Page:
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FX Update - Global markets are on a knife edge.

Written by Ian Dobbs on August 25th, 2015.      0 comments

Market Overview:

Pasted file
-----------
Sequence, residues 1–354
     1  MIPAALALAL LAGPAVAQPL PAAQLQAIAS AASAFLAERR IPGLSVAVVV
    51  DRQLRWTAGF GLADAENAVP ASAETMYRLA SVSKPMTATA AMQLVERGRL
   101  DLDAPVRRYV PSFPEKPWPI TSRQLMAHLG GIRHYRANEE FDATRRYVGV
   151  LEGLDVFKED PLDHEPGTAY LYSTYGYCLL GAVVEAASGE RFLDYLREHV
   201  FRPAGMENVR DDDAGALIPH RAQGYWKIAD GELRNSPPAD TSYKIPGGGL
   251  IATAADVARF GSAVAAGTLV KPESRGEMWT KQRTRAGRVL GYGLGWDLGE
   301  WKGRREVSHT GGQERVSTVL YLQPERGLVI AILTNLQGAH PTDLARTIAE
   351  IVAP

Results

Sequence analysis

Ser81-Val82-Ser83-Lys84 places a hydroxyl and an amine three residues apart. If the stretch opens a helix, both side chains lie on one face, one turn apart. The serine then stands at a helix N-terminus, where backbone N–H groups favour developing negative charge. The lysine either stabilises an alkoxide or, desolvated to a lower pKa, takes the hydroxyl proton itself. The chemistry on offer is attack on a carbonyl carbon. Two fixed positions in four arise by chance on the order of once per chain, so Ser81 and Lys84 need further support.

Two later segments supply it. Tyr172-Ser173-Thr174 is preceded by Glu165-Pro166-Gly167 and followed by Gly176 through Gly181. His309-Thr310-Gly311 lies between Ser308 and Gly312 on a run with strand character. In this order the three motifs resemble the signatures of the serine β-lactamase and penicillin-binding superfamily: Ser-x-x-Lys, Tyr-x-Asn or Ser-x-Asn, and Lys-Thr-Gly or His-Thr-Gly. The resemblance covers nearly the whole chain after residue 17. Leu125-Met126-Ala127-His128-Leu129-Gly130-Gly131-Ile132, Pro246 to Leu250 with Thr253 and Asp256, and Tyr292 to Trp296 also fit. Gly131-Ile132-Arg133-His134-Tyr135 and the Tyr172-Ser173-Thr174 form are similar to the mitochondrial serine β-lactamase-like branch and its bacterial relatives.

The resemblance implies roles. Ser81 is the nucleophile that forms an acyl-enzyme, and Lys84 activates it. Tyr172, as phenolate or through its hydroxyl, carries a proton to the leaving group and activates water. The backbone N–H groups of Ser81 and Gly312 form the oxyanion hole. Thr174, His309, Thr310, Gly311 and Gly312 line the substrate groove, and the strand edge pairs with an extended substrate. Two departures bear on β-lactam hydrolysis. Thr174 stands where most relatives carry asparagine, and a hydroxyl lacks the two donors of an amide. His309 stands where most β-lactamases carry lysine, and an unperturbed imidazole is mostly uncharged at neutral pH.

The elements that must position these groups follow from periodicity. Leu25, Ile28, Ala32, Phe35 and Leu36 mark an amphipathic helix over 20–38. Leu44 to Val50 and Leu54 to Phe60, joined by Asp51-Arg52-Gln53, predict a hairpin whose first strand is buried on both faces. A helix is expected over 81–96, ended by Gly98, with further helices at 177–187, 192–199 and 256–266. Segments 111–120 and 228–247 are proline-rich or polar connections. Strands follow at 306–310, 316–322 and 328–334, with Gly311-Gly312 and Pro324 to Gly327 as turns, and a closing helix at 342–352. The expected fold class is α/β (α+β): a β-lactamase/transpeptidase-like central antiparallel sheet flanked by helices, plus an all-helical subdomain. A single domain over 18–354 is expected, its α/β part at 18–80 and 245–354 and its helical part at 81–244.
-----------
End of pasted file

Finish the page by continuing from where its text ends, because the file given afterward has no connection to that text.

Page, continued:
Markets are starting to look very fragile and we are in for some real volatility over the coming weeks and months. The past week has been a shocker for stocks. In the US the Dow at has fallen over 10% from its highs and is now down on the year. Chinese stocks smashed through recent lows losing more than 8% yesterday. European stock markets are also feeling heat. Risk aversion is causing big moves in foreign exchange with the biggest gainers so far the Euro and the Yen. Further weakness in the Chinese economy, after Friday’s release of very soft manufacturing PMI data, has been fingered as the cause, but in all reality it’s really just the trigger. US stock market valuations had diverged from economic reality a long time ago and sooner or later something was going to cause a correction. Commodity prices continue to tumble, although gold seems to be benefiting from safe haven status. Bloomberg’s commodity index recently hit its lowest levels since 1999. Inflation expectations in the US are falling to levels last seen when the Fed launched the quantitative easing programmes one, two and three. Indicators of global trade don’t make for any better reading, with the risks to global growth all skewed to the downside. Somehow in amongst all this, the Fed are supposed to raise interest rates for the first time in nearly ten years when they meet next month. It looks like they will need to be very brave to do so. China on the other hand are widely expected to announce further easing measures in the coming days / weeks. This may provide some temporary respite, but the Chinese economy could yet see real trouble. The Chinese property market rolled over last year and has been losing ground ever since (although recently the pace of depreciation has slowed), their stock market has crashed and they’ve started to devalue their currency (many expect further devaluations of the Yuan). What China can’t afford to have happen next is a collapse of their shadow banking system. The ‘shadow banking system’ refers to the collection of non-bank financial institutions that provide lending and credit facilities to consumers and businesses. It has seen massive growth in recent years, but it’s far less regulated and has far less transparency in relation to the quality of lending going on. Safety margins are also lot smaller than in the traditional banking system and if the ‘shadow banking bubble’ bursts it could be potentially devastating. In New Zealand we saw the collapse of our own ‘shadow banking system’ with a huge percentage of finance companies going bankrupt in the years after 2007. China could be heading for a similar thing, but on a much much grander scale and with global implications.